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Has GTA stumbled upon the perfect mix of pay-upfront and F2P mechanics?

By on December 10, 2013
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Grand Theft Auto V is a success.

A metacritic of 98, the second highest of all time. S1 billion in sales in the first three days. Twenty-nine million copies sold in to retail within the first six weeks. It’s a phenomenon by any metric.

But I wonder if it is not also showcasing a fascinating experiment in new business models.

GTA V is a vast, sprawling sandbox, full of narrative, exploration and exhilaration. Few people would begrudge the price of the shiny disk for the craftsmanship, the fun, the enjoyment and the experience. The single player experience is worth the price online.

But Rockstar didn’t ship just a single player game. It also shipped a multiplayer game – GTA Online – filled with microtransactions and variable pricing.

So is Take Two attempting to get the best of both worlds? It creates a game at vast experience ($290 million or so) and sells it to tens of millions of people. Some of those people just experience the single player game. Others enjoy the sandbox so much they take to the multiplayer, online environment where they are given the opportunity to spend more money on things they value in a social context. Rockstar gets paid more by those players who are enjoying the game more, who continue to use the online functionality and who demand more content.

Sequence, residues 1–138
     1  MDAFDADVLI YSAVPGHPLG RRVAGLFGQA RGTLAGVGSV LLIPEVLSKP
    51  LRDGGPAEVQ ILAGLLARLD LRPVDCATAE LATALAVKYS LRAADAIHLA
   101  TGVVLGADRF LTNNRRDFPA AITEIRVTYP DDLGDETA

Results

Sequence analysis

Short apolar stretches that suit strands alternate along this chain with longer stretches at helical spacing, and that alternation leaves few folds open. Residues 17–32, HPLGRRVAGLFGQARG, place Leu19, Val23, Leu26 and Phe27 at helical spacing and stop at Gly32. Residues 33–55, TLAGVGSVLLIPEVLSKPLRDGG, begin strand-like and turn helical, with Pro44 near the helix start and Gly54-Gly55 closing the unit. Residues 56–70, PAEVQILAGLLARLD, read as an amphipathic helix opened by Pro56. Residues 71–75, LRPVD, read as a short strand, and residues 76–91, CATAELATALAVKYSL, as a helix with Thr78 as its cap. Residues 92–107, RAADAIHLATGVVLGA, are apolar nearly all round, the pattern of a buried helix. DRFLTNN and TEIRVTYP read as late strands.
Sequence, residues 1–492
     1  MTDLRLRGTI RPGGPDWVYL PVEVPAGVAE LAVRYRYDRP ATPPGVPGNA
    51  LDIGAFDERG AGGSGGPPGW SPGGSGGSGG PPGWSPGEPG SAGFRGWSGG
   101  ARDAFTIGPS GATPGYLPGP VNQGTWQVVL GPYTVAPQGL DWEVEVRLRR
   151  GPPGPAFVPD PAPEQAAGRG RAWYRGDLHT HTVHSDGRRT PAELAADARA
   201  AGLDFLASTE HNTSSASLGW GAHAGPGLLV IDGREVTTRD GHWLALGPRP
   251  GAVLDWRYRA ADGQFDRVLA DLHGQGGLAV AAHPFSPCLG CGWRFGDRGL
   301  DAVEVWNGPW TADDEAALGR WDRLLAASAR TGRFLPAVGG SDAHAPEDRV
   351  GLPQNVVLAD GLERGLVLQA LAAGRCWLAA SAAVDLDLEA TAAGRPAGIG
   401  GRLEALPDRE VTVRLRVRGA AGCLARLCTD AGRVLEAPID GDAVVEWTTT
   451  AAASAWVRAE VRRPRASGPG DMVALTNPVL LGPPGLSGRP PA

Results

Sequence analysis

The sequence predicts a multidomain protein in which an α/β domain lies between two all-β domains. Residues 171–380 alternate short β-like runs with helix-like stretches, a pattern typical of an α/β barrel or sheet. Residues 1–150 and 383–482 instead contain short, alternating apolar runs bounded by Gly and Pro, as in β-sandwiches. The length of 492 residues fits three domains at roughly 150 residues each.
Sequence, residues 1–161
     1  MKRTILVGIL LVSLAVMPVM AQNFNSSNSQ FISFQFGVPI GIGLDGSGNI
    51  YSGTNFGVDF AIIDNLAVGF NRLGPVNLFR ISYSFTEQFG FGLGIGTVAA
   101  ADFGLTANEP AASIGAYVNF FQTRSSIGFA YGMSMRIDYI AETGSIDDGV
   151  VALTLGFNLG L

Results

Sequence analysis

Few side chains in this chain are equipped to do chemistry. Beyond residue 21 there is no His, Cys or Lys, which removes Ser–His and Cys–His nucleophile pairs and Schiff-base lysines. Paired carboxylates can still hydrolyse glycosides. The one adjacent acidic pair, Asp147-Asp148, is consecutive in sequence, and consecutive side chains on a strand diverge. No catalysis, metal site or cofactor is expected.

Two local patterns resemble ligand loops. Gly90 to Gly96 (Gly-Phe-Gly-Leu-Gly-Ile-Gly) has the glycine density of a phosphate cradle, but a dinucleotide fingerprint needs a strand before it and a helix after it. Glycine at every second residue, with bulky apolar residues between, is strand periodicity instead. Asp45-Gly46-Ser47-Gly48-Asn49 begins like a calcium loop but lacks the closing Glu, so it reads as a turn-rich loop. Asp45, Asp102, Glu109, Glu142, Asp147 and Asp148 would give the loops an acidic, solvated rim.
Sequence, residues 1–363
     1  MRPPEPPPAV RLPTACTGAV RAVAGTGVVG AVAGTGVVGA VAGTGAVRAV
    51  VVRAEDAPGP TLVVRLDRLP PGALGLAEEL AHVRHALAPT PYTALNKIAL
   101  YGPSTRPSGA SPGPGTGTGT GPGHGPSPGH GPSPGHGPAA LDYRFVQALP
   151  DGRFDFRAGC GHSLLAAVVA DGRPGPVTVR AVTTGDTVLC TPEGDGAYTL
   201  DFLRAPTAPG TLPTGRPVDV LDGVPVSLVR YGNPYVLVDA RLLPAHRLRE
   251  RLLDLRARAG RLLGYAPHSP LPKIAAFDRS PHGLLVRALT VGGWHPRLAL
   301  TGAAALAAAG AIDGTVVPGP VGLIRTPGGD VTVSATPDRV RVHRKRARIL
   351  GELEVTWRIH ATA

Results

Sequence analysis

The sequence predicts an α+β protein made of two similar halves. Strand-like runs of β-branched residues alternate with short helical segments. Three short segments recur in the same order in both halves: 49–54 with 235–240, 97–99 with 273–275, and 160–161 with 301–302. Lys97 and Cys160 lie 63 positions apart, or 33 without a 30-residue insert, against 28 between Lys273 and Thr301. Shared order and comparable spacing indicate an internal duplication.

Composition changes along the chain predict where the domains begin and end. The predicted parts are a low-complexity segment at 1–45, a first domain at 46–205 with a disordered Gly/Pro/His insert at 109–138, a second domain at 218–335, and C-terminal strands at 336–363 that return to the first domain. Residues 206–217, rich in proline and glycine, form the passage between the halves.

Single-player campaign gamers win, because their purchase doesn’t subsidise running the servers that the multiplayer users need. Multiplayer gamers win, because Rockstar is incentivised to keep making great content to keep them playing. Take Two not only encourages gamers to keep their physical disks rather than trading them in, they also gain in revenue from the heaviest users.

This might be a great solution. I expect Activision to pay careful attention, with a particular focus on how to use this kind of approach for Call of Duty.

What do you think? Am I right that this hybrid business model is the future, rather than the aggressive monetisation of a Forza?

About Nicholas Lovell

Nicholas is the founder of Gamesbrief, a blog dedicated to the business of games. It aims to be informative, authoritative and above all helpful to developers grappling with business strategy. He is the author of a growing list of books about making money in the games industry and other digital media, including How to Publish a Game and Design Rules for Free-to-Play Games, and Penguin-published title The Curve:
  • GTA is in my opinion one of the greatest car games of all time!

  • Mariusz Szlanta

    It’s definitely very interesting and I would love to have a chance to study stats they get from GTA Online.

    There is obvious barrier (customer needs to aquire expensive disc based game first) followed by conflict of interest (many people buy GTA for SP experience only).

    Opening GTA Online for everyone while prossibly giving something extra to owners of disc game looks like next step.

    Much more compelling that “pay twice” Forza.

  • Stephane

    I fully agree Nicholas. Many in the games industry only see the monetization, forgetting that it is first about gamers experience